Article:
24 Role Reversal Students command their teacher and classmates to perform some actions. Asher says that students will want to speak after ten to twenty hours of instruction, although some students may take longer. Students should not be encouraged to speak until they are ready.

25 Action sequence As the students learn more and more of the target language, a longer series of connected commands can be given. While we did not see a long action sequence in this very first class, a little later on students might receive the following instructions:

26 Take out a pen. Take out a piece of paper. Write a letter. (Imaginary) Fold the letter. Put it in an envelope. Seal the envelope. Write the address on the envelope. Put a stamp on the envelope. Mail the letter. This series of commands is called an action sequence, or an operation.

27 Conclusion Now that we have had a chance to
experience a TPR class and to examine its principles and techniques, you should try to think about how any of this will be of use to you in our own teaching.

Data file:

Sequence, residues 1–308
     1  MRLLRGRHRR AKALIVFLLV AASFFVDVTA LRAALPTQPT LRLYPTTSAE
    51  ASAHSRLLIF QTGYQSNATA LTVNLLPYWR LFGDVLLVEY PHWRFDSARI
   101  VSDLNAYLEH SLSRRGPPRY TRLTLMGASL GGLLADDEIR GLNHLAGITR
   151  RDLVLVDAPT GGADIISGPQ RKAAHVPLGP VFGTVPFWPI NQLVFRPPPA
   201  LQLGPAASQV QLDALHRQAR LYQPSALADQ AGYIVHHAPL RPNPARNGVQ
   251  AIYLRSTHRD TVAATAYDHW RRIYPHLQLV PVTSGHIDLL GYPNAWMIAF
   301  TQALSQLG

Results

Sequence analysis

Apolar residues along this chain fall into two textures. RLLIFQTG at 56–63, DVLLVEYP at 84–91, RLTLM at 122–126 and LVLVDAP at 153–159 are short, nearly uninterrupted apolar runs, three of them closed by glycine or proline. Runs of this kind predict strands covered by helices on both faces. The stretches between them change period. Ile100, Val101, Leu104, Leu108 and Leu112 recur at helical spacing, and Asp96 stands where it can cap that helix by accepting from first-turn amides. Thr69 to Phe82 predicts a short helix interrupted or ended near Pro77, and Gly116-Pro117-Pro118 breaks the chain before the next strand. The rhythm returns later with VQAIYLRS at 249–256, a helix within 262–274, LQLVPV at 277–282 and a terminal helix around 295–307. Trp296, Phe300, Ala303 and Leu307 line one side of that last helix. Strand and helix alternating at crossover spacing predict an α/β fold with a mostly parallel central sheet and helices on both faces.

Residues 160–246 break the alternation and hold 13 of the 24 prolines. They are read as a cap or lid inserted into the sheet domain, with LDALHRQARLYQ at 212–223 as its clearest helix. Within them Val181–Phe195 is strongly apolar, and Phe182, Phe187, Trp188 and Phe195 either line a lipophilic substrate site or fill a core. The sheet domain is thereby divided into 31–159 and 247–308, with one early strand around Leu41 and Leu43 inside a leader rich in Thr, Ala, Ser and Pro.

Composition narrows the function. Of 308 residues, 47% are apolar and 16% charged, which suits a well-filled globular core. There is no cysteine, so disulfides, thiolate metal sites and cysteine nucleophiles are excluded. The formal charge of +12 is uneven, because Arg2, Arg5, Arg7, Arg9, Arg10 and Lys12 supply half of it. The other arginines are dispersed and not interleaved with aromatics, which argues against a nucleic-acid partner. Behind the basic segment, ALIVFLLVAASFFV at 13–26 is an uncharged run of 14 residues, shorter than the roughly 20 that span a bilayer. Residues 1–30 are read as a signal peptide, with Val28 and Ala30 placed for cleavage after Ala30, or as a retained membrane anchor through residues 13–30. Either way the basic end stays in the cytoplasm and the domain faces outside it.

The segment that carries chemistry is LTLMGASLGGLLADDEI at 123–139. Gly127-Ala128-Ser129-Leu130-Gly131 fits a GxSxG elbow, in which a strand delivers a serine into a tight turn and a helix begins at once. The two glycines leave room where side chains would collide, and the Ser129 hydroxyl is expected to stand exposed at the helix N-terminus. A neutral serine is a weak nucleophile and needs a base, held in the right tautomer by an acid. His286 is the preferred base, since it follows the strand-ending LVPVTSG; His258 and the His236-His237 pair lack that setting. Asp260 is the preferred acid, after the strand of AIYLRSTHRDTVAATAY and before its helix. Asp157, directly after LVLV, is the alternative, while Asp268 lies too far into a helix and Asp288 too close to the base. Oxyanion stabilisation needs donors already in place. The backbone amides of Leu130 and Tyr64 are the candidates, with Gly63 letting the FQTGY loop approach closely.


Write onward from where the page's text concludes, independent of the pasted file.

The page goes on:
28 Ask yourself — 1.Would you use the imperative to present the grammatical structures and vocabulary of the target language? 2.Do you believe it is possible to teach all grammatical features through the imperative? 3.Would you want to adapt any of techniques of TPR to your teaching situation?

29 Check your understanding of Total physical Response.
Activity — A Check your understanding of Total physical Response. 1.Asher believes that foreign language instruction can and should be modeled on native language acquisition. What are some characteristics of his method that are similar to the way children acquire their native language?

30 2.One of the principles of TPR is that when student anxiety is low, language learning is enhanced. How does this method lower student anxiety?

31 Apply what you have understood about Total Physical Response.
Activity B Apply what you have understood about Total Physical Response. 1.Although the teacher uses imperatives, she does so in a gentle, pleasant way, the way a parent would usually do with a child. 2.A lot of target language structures and vocabulary can be taught through the imperative. 3.In the action sequence, the teacher has the students pretend to write and mail a letter. Think of three common activities which could be used in the classroom.